Hundreds of Russian war crime suspects identified, says Ukrainian prosecutor

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Prosecutor General of Ukraine Iryna Venediktova during visit to a mass grave in Bucha, Kyiv area, Ukraine, April 12, 2022 (Photo by Maxym Marusenko/NurPhoto via Getty Images)
Prosecutor general of Ukraine Iryna Venediktova during a visit to a mass grave in Bucha. (Getty)

Ukraine has identified more than 600 Russian war crime suspects since the start of the invasion, Kyiv's top prosecutor has said.

The list of suspects includes "top military, politicians and propaganda agents of Russia”, prosecutor general Iryna Venediktova told a news conference in The Hague on Tuesday.

She added Ukraine has started prosecuting around 80 of them.

Venediktova said Estonia, Latvia and Slovakia had decided to join an international investigation team, which already includes Lithuania and Poland, to look at suspected war crimes in Ukraine.

Moscow denies committing war crimes or targeting civilians during a conflict which began in February that has killed thousands, devastated many cities and towns and forced five million people to flee abroad.

Kyiv has accused Russia of atrocities and brutality against civilians during the invasion and said it had identified more than 10,000 possible war crimes.

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A view of new graves for people killed during Russia's invasion of Ukraine, at a cemetery in Bucha, Kyiv region, Ukraine April 28, 2022. REUTERS/Zohra Bensemra
The graves of people killed during Russia's invasion of Ukraine, at a cemetery in Bucha. (Reuters)
Iryna Abramova, 48, kisses a photograph on the grave of her husband Oleh Abramov, 40, who she told Reuters was shot by Russian soldiers, in Bucha, Kyiv region, Ukraine April 21, 2022. Picture taken April 21, 2022.    To match Special Report UKRAINE-CRISIS/BUCHA-KILLINGS-SOLDIERS   REUTERS/Zohra Bensemra
Iryna Abramova, 48, kisses a photograph on the grave of her husband Oleh Abramov, 40. (Reuters)

Venediktova and her team have in the last few weeks been evaluating sites where atrocities have allegedly taken place, including where Russian troops have withdrawn.

On 12 April, she visited Bucha, near Kyiv, where French forensic experts had arrived to help Ukraine authorities establish what happened in the town where hundreds of bodies were discovered.

Bucha’s mayor said dozens were the victims of extra-judicial killings by Russian troops.

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Lyudmyla Denisova, the Ukrainian parliament's human rights commissioner, added 25 women and girls, aged from 14 to 24, had called a helpline reporting they had been raped in Bucha.

Venediktova's team is working with the International Criminal Court (ICC), which launched its investigation into possible war crimes in Ukraine in early March.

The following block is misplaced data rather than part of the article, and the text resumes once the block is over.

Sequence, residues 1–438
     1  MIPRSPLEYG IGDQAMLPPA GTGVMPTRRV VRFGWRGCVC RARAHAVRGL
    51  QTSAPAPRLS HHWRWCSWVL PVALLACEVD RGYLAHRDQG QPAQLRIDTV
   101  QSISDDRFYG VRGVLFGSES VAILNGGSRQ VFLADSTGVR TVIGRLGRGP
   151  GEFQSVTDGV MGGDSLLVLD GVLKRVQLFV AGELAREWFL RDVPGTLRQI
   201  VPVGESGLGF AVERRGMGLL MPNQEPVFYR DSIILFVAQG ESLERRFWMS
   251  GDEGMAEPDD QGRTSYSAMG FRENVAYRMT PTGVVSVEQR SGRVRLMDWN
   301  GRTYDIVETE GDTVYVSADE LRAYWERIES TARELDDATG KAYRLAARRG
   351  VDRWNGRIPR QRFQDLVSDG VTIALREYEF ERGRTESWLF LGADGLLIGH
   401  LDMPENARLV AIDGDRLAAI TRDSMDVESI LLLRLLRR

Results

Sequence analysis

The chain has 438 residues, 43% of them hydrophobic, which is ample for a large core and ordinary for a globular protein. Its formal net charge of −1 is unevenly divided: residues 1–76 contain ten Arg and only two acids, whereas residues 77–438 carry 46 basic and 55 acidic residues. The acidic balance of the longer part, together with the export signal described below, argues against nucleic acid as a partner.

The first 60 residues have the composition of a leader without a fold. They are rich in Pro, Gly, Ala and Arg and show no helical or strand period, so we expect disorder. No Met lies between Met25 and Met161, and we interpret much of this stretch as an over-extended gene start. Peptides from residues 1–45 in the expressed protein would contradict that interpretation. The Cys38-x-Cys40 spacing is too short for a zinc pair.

ICC prosecutor Karim Khan's office has deployed a team of 42 investigators, forensic experts, and support personnel to Ukraine.

Venediktova said international support was vital to Ukraine's efforts to investigate all possible war crimes.

She said: "We should collect and protect everything in the right way. It should be acceptable evidence in any court."

Vitalii Zhyvotovskyi, 50, walks outside his house that he told Reuters was destroyed by Russian troops as they were retreating from Bucha, in Bucha, Kyiv region, Ukraine April 19, 2022. Picture taken April 19, 2022.  To match Special Report UKRAINE-CRISIS/BUCHA-KILLINGS-SOLDIERS    REUTERS/Zohra Bensemra
A man walks outside his destroyed house in Bucha. (Reuters)

Meanwhile, a Ukrainian court has sentenced two captured Russian soldiers to 11-and-a-half years in jail for shelling a town in eastern Ukraine, the second war crimes verdict since the start of Russia's invasion in February.

Alexander Bobikin and Alexander Ivanov, who listened to the verdict standing in a reinforced glass box at the Kotelevska district court in central Ukraine, pleaded guilty last week.

On 23 May, a Ukrainian court sentenced 21-year-old Russian soldier Vadim Shishimarin to life in prison for killing an unarmed civilian, 62, after he pleaded guilty.

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Russia has accused Kyiv of genocide against Russian speakers, which Kyiv strongly denies.

Moscow has also opened criminal cases into Ukrainian servicemen's alleged torture of their Russian counterparts.

Russia calls its actions in Ukraine a "special military operation" to disarm and "denazify" its neighbour.

Kyiv and the West consider this a pretext for an unprovoked invasion.

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